Vietnam has been the “apple of the eye” of investors in recent years. Next to Singapore and Indonesia, Vietnam is well-positioned to lead Asia’s startup ecosystem — even projected to surpass $1 billion this year, or at least close to that.
Vietnam’s startup ecosystem remains buoyant, despite the devastating lockdown and a new rise in COVID-19 cases crippling a supposedly recovering economy. New huge venture fundings continuously make headlines, and new market-disrupting enterprises are sprouting non-stop. Based on the latest data from venture capital firm DO Ventures, the first nine months of 2021 already exceeded 2020’s $600 million mark.
In a recent episode of Vietnam Innovators, Binh Tran, general partner at Ascend Vietnam Ventures, said the country’s remarkable economic rebound after a storied past had become a story worth telling, more so worth celebrating.
“Vietnam is a perfect testbed for emerging Asia. There’s a rising middle class who’s willing to spend on healthcare, education, retail, etc.,” said Binh. And there’s a large pool of small businesses doing something on the Internet — capturing customers, serving them more automatically, scaling revenue, and expanding their business.”
As one of the first seed-stage tech-focused VC firms in Vietnam, Ascend has witnessed firsthand how the startup and business ecosystem, in general, has evolved. Looking at how much has changed since the Vietnamese government tagged 2016 as the “year of the startups” and launched the “Initiative for Startup Ecosystem in Vietnam until 2025” program, the homegrown startups’ growth potential has become boundless.
There are big risks, however. As Vietnam establishes itself as a startup hub and slowly becomes an investor’s dreamland, the challenges have grown bigger and more serious as well. Even Ascend has dodged some bullets over the years because of fraud, or when visions of investors and startup founders no longer matched.
And because Vietnam’s now a rising star in the startup segment, the competition has also gone more critical — though not always in a bad way. “From Day 1 that a startup is established, it has to compete against hundreds of others, not just in Vietnam but in the region,” said Binh. “This has made Vietnam accessible for both entrepreneurs and investors because everyone can see the growth. Here, they haven’t developed a mindset and policies that are protectionist. In fact, Vietnam, next to Singapore, has the most open regulations to allow foreigners to own hundred percent of a company. This kind of accessibility increases knowledge sharing, as well as growth.”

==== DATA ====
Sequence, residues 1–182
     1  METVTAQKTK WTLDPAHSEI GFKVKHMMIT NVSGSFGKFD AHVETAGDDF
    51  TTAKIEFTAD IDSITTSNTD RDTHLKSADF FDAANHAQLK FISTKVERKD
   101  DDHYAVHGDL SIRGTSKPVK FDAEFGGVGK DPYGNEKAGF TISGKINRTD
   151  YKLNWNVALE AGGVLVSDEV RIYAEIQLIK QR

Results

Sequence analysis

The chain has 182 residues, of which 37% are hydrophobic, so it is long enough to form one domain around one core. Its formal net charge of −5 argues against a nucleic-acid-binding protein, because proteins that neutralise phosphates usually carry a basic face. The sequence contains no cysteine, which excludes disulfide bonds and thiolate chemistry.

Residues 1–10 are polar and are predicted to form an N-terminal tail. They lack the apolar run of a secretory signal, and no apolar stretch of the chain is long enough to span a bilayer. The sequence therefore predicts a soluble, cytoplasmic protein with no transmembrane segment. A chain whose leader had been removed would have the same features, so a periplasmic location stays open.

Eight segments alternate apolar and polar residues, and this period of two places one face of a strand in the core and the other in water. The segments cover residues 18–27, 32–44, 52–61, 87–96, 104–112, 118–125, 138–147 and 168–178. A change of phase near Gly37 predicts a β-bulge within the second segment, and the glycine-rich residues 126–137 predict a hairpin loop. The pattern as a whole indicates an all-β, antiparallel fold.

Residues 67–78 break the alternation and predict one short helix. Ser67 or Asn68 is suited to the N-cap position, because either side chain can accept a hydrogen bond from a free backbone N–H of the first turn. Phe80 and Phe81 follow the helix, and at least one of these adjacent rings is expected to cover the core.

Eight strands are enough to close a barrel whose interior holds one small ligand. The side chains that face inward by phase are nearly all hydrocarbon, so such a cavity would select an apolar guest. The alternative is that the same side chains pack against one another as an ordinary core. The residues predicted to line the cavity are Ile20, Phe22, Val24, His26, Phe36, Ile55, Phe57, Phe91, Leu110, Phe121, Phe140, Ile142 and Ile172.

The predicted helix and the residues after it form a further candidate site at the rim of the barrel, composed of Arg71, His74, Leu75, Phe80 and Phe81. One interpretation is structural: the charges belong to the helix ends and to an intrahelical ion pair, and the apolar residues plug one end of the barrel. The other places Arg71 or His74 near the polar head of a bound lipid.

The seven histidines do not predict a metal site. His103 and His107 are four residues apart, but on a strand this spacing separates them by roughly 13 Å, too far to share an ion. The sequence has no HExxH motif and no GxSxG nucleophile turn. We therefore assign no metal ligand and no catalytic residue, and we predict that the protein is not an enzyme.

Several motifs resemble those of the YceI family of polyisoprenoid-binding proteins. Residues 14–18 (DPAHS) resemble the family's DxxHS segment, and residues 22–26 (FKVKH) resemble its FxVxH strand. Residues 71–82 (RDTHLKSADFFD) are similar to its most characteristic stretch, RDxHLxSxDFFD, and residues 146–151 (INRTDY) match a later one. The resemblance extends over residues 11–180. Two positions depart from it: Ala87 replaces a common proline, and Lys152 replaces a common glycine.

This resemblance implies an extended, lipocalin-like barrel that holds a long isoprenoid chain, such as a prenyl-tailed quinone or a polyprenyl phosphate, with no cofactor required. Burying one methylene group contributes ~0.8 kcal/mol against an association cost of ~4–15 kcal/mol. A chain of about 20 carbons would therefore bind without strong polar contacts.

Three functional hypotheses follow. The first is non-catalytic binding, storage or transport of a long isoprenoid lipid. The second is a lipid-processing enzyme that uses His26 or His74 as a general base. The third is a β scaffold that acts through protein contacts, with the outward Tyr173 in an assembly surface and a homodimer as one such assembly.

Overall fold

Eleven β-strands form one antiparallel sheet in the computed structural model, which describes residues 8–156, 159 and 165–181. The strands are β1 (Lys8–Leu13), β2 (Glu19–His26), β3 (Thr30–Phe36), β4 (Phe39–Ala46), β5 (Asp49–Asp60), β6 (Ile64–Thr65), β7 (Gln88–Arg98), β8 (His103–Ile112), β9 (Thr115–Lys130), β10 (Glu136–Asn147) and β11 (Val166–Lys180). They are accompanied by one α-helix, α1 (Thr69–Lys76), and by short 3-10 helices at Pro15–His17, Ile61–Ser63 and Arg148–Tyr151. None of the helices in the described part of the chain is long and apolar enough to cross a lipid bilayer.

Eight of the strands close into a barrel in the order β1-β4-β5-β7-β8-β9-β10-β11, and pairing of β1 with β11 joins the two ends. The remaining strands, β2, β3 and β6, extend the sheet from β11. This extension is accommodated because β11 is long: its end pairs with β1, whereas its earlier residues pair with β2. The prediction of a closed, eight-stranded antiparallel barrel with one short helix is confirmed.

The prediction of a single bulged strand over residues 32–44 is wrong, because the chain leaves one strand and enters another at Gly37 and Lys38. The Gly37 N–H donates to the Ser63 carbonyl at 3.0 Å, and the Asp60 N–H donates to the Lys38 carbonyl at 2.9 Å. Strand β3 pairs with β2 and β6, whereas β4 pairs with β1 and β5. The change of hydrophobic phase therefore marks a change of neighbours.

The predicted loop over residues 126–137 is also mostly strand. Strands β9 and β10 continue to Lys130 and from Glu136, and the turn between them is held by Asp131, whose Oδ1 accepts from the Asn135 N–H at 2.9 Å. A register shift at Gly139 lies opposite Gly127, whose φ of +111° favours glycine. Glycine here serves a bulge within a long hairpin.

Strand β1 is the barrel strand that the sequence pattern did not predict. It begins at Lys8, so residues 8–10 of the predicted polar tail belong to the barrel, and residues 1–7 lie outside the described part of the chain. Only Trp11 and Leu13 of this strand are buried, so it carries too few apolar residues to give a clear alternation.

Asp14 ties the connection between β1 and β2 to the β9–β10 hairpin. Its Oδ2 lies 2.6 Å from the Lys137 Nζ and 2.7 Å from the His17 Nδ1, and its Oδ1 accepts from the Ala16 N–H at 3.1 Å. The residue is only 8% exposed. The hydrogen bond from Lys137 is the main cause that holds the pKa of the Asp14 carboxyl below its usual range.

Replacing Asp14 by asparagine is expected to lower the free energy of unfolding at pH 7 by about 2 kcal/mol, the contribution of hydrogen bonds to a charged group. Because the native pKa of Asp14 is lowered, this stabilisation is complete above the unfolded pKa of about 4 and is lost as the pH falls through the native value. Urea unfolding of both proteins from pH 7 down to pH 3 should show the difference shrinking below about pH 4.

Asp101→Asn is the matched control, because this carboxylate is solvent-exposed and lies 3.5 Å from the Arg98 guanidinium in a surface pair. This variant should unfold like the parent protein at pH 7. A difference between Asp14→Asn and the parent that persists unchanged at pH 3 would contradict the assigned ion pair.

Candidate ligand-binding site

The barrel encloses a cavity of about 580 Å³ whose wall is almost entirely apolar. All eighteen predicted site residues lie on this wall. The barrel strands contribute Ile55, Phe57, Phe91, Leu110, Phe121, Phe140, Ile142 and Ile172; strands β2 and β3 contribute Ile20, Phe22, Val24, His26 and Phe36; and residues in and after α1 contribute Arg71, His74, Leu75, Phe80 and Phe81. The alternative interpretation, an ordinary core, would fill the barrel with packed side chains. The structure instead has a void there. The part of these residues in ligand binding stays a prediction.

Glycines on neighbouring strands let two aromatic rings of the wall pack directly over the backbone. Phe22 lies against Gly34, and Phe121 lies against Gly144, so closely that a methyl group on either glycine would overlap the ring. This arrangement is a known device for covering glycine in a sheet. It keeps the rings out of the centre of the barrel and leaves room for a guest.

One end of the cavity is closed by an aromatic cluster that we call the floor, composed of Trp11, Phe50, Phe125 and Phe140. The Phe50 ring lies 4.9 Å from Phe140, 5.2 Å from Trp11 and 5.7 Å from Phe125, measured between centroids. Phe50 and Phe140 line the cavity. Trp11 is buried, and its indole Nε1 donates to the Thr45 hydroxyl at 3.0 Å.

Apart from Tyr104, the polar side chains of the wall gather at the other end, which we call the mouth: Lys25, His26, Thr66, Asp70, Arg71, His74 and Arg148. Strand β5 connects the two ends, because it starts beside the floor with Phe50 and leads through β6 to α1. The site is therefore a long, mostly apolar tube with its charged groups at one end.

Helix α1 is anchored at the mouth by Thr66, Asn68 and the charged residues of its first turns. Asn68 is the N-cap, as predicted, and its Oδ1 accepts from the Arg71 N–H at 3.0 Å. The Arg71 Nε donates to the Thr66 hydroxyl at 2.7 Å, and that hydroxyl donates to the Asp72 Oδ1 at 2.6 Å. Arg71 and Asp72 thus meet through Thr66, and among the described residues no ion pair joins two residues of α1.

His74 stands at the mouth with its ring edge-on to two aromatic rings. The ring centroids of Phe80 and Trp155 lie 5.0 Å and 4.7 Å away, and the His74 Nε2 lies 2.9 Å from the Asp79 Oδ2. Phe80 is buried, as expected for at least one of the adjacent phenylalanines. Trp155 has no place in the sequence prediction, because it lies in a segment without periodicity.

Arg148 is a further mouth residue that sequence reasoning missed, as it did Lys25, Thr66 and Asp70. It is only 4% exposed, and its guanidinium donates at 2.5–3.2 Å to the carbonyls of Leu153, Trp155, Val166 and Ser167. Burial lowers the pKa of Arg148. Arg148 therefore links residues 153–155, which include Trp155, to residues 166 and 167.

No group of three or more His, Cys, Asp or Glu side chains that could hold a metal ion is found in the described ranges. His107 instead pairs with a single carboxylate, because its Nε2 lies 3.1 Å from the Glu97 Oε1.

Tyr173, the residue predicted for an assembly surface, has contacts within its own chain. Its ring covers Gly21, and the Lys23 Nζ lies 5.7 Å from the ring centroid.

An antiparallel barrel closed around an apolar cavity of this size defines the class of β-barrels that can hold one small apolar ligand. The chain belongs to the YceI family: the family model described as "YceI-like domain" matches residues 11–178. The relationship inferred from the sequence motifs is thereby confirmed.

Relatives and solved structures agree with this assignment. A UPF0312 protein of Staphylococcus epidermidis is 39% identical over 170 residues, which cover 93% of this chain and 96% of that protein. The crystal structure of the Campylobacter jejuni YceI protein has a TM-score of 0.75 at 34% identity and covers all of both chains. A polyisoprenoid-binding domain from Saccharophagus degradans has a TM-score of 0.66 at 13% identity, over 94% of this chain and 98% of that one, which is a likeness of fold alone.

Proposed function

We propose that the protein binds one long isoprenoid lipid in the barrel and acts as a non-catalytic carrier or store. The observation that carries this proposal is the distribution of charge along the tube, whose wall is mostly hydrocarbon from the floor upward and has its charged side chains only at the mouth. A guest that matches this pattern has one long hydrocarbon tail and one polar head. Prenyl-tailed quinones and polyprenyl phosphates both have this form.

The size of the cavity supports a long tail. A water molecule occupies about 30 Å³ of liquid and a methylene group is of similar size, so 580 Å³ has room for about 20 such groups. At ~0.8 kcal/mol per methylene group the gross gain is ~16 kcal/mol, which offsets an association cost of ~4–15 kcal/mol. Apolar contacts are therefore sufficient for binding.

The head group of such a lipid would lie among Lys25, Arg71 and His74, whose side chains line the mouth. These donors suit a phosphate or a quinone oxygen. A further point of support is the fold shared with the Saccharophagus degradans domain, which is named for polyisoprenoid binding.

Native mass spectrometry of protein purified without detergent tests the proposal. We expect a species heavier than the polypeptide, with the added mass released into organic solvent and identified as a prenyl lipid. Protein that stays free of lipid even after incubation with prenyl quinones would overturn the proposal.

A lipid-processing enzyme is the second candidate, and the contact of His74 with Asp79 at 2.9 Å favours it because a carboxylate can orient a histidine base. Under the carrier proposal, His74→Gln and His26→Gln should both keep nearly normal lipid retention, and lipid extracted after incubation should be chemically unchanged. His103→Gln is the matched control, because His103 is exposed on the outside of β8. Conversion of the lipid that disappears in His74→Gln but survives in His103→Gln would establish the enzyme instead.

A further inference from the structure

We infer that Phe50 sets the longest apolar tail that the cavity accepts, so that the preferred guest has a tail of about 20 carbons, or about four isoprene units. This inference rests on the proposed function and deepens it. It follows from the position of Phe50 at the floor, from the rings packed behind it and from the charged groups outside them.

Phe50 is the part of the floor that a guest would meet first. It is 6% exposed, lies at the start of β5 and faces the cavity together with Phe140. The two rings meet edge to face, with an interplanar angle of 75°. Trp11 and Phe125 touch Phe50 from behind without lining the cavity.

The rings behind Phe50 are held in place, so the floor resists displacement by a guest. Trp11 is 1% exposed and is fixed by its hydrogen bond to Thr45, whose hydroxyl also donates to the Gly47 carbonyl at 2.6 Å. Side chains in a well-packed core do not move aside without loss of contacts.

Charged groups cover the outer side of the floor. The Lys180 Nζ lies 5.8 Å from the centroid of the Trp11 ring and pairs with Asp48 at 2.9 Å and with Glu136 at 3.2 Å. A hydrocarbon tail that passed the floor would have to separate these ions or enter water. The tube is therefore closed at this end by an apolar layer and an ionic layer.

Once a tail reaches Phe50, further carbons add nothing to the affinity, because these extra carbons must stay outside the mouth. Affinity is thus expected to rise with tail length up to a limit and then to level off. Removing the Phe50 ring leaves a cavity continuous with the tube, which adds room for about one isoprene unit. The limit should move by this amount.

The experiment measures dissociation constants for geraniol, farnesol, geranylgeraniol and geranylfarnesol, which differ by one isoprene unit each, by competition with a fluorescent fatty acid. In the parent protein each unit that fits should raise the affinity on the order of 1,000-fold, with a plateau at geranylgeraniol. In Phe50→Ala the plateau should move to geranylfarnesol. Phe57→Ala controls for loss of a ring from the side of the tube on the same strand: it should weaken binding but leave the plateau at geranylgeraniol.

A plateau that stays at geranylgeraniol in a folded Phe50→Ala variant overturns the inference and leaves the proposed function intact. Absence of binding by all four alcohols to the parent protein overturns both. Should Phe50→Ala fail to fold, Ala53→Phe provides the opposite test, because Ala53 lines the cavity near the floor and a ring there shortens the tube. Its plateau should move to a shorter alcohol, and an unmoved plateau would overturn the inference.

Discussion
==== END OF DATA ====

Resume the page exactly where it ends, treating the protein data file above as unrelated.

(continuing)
Taking the challenges and rising competition as indications of growth, local and global venture capital firms and angel investors continue to back Vietnam’s startups — both the established and the newbies — pouring as much as $250 million into one company alone.
VNLife: $250 million
VNLife Corp, the parent company of VNPay, has achieved a new milestone in July this year after it netted over $250 million in one of Vietnam’s largest-ever funding rounds, raising the company valuation to above $1 billion. VNLife has secured its standing as Vietnam’s second tech unicorn, after gaming and entertainment firm VNG. The funding round was led by Dragoneer Investment Group and General Atlantic, with PayPal Ventures and EDBI also participating.